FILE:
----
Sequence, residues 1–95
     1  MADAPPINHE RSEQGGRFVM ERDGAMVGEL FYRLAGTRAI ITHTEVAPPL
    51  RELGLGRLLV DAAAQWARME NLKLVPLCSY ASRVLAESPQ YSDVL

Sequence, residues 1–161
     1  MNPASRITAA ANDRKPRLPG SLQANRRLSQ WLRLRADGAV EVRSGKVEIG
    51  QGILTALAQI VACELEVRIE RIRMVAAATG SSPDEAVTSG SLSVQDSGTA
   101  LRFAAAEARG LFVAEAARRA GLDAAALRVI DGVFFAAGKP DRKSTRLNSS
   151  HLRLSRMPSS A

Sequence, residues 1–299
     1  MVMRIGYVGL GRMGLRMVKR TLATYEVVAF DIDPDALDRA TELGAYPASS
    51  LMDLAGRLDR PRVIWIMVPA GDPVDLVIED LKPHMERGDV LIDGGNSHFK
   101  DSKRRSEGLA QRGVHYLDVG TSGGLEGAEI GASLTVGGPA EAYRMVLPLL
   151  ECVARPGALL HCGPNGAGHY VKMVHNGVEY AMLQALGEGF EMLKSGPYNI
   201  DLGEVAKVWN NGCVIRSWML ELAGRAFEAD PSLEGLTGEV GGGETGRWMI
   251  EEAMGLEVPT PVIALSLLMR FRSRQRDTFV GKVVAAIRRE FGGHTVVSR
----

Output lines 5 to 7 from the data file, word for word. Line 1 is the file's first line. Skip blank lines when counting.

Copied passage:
     1  MNPASRITAA ANDRKPRLPG SLQANRRLSQ WLRLRADGAV EVRSGKVEIG
    51  QGILTALAQI VACELEVRIE RIRMVAAATG SSPDEAVTSG SLSVQDSGTA
   101  LRFAAAEARG LFVAEAARRA GLDAAALRVI DGVFFAAGKP DRKSTRLNSS